Scream 1-4 (1996-2011)
Four horror movies for the price of one! The Scream franchise might be the most successful to feature Northern California, with the plot taking place in the fictional town of Woodsboro and filmed all around the Santa Rosa and Napa areas. In fact, the school featured in the film is actually Santa Rosa High School. The first four Scream films have grossed over $600 million worldwide, with Scream 5 recently released in 2022, also set in Woodsboro, California.
Halloween H20: 20 Years Later (1998)
Laurie Strode and her psychopathic brother Michael Myers have a less-than-heartwarming family reunion in Northern California, where Myers tracks down his sister to finally finish what he started 20 years earlier. Looking to hide from her past, Strode (played by Jamie Lee-Curtis) becomes the dean of a private school in NorCal, which Myers terrorizes for one Halloween night. This is one of the decent sequels to John Carpenter’s original Halloween, which is largely considered the greatest horror film ever.
Paranormal Activity: The Ghost Dimension (2015)
In the fifth installment of the Paranormal Activity franchise, a new family moves into a Santa Rosa home to find a mysterious video camera that can see spirits in the house. You can imagine what transpires in this wildly profitable horror film series. The Ghost Dimension was not received well by the public or critics, but continued to stack money for the studio.
This award-winning film from David Fincher follows the true story of the Zodiac killer, who murdered at least five victims between 1968 and 1983 in Northern California in what is considered the most famous unsolved murder case in American history. This film follows the investigators and reporters as they search for the murderer, becoming obsessed with the case. The plot takes place mostly in San Francisco and around the Bay Area, being filmed in the locations where the real-life crime case took place 25 years prior.
Babysitter Wanted (2008)
A teenager moves to a small Northern California college town near the Oregon border to study Art History when she encounters a mysterious evil entity that torments her through the night. That’s the plot of this low-budget horror flick which was shot all around Siskiyou County, including Lake Shastina, Montague, Yreka, and Weed.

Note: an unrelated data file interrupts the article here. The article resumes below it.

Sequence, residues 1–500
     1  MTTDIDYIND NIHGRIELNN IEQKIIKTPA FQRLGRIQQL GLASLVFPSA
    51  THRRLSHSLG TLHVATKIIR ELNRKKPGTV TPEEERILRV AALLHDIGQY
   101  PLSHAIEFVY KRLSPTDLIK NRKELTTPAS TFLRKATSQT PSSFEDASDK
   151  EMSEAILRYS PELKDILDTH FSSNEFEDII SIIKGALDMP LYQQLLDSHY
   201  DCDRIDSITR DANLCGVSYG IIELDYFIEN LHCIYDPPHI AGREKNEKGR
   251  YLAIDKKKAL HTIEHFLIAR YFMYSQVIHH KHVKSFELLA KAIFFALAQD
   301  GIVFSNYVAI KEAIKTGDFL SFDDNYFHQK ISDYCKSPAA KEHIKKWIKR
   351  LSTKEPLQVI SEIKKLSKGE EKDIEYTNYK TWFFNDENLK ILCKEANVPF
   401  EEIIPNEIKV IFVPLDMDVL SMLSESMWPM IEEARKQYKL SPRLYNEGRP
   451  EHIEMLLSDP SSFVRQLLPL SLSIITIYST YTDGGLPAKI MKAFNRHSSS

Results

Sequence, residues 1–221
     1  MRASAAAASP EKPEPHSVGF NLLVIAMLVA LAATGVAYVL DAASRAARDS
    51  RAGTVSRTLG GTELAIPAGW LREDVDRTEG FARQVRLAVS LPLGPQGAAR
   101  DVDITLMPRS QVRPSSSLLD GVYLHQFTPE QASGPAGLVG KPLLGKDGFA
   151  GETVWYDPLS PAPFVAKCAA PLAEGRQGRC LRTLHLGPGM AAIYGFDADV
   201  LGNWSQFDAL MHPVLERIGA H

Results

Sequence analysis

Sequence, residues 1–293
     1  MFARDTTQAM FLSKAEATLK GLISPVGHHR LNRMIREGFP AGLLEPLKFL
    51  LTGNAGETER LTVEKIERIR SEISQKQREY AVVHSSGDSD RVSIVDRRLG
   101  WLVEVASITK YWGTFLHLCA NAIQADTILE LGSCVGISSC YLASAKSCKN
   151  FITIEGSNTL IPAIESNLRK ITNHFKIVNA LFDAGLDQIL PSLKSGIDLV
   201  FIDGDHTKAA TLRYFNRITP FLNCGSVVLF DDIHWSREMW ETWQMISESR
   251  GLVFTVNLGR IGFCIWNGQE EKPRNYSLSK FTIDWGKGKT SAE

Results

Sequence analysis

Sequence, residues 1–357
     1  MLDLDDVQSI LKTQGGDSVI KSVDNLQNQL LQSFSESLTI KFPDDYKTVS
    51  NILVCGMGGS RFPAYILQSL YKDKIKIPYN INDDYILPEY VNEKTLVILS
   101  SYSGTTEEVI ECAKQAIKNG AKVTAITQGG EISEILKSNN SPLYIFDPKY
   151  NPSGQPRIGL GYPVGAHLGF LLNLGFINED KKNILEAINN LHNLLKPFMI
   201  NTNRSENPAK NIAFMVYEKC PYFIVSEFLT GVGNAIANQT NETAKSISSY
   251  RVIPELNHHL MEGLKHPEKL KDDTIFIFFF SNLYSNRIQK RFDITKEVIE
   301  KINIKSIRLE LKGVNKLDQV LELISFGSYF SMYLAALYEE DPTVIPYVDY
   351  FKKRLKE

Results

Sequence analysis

Willow Creek (2013)
Here’s another horror movie with Bigfoot at the centerpiece as aÂ man and his girlfriend camp in the Northern California woods to capture firsthand evidence of Bigfoot. The movie, set and filmed in Willow Creek (location of the famed Patterson-Gimlin film), is shot in a self-documentary style like the famed Blair Witch Project. It starts out as a harmless search for Sasquatch but turns into a serious investigation after a woman goes missing.
The Love Witch (2016)
A beautiful witch distraught over her dead husband moves to Arcata, California for a fresh start. She begins to terrorize the Humboldt County town when she uses spells and magic to get men to fall in love with her, before killing them. The movie is filmed throughout Arcata and Eureka, playing on the area’s mystical feel and appearance.
Bird Box (2018)
Netflix’s smash hit took film lovers by surprise in 2018, depicting a woman and her two children searching for refuge from an invisible evil entity in the wilderness of Northern California. The movie was filmed throughout California, with the crucial river scenes set and filmed on the Smith River, deep in the Klamath Mountains. If you’re one of the 45 million people that watched it on Netflix, you probably got excited to see some NorCal references.
You’ve likely heard of the Winchester Mystery House in San Jose, a weird home built in 1886 and under construction for nearly 40 years with many architectural curiosities. This film follows the life of firearm heiress Sarah Winchester, whose belief that she was haunted by the souls of people killed by the Winchester repeating rifle inspired her to build the architectural mystery. The movie was filmed at the famed house in San Jose, which has become a popular tourist destination for Bay Area visitors.